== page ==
Arnold Kling

Solow on the Solow Paradox

Arnold Kling, Great Questions of Economics
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John S. Irons pointed out this interview with Nobel Laureate Robert Solow. There is material here for several posts. First, Solow continues to be skeptical about the role of computers in productivity.

from about 1995 until 2000 we had a period of much faster productivity growth. It is very tempting, it may even be plausible, but it's not a clear certainty, that some or all of that acceleration of productivity is the computer at last bearing fruit...

The best guesses—but they are merely best guesses—are that in approximately the next five to 10 years, we'll experience productivity growth nowhere near what we did toward the end of 1990s but maybe a half a percent to a percent a year faster than in the 1970s...Comparing the computer with electricity or the internal combustion engine just doesn't seem to me to be justified yet...

I always thought that the main difference the computer made in my office was that before the computer my secretary used to work for me, and afterward I worked for my secretary!

I am loathe to disagree with Professor Solow, but let me raise an alternative point of view. That is that in 1987, when Solow wrote his famous line that "we see the computer age everywhere but in the productivity statistics" we were still early in the life of Moore's Law, and the state-of-the-art Intel chip was the 386. To quote from one of my recent essays,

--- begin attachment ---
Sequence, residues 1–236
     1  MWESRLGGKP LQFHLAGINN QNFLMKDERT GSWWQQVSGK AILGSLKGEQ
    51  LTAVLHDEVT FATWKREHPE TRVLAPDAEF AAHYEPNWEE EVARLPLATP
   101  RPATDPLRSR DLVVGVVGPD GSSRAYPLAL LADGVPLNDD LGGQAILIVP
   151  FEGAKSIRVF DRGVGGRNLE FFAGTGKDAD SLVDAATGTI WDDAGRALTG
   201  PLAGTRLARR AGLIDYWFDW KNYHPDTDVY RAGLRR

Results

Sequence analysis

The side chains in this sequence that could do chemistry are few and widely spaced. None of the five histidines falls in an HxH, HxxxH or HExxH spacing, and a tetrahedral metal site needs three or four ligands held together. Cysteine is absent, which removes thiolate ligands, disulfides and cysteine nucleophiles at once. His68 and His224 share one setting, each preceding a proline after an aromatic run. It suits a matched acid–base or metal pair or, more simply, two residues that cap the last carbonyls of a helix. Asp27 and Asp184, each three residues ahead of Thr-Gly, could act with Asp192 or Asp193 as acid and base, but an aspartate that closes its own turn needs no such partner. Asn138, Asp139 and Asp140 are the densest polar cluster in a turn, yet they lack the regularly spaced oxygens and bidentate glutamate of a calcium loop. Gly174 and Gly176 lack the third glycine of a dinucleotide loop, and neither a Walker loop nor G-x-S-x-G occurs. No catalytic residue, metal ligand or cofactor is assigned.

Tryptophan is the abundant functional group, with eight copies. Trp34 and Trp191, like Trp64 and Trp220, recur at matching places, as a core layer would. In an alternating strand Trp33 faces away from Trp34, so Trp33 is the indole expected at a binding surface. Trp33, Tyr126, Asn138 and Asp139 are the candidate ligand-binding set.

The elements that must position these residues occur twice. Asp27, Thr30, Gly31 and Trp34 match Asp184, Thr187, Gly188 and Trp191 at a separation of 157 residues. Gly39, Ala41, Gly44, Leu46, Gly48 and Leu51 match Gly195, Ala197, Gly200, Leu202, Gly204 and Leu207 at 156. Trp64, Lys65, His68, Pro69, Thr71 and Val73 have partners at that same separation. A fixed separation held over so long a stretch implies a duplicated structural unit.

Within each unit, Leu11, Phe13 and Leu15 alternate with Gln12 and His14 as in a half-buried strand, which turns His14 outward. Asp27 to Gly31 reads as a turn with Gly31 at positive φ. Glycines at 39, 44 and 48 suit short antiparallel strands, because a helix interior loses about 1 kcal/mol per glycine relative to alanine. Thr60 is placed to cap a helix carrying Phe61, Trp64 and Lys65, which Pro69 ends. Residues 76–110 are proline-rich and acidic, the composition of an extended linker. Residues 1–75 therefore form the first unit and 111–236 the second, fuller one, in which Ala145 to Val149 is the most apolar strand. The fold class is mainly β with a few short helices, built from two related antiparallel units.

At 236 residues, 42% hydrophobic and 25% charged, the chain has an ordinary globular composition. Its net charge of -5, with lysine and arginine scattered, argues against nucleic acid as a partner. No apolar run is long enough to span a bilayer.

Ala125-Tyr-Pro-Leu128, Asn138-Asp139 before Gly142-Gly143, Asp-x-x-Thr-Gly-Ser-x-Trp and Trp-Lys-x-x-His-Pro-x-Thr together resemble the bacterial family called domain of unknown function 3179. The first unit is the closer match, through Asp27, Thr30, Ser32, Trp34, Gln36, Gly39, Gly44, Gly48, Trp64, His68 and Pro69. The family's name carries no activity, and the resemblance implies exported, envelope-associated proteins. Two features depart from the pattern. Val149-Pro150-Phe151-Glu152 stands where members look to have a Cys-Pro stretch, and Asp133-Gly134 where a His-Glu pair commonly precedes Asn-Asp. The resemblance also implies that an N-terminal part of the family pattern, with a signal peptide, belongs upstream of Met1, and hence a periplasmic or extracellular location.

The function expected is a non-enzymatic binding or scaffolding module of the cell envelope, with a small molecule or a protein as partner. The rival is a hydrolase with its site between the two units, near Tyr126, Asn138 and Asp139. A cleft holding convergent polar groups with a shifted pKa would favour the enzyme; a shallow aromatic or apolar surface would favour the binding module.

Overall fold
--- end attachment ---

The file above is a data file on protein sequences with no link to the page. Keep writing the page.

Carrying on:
In fifteen years of progress from 1985 to 2000, the standard microprocessor went from the 386 with 275,000 transistors to the Pentium 4 with 42,000,000 transistors.

I find it plausible that somewhere along the way the computer went from being a tool that turned professionals into secretaries to being a tool that helped productivity. Thus, I would attribute the pattern of acceleration of productivity to the nonlinearity of Moore's Law rather than to luck. And what I see as the "best guess" about productivity going forward is Brad DeLong's optimistic oulook. But we'll know more in ten years.

Discussion Question. Think of the economy as having two sectors. The "normal" sector grows at 1.5 percent per year, and the computer sector grows at 20 percent per year. If the computer sector starts out at 0.5 percent of the economy, and the "normal" sector starts out at 99.5 percent of the economy, how long will it take for average economic growth to reach 2.0 percent per year?

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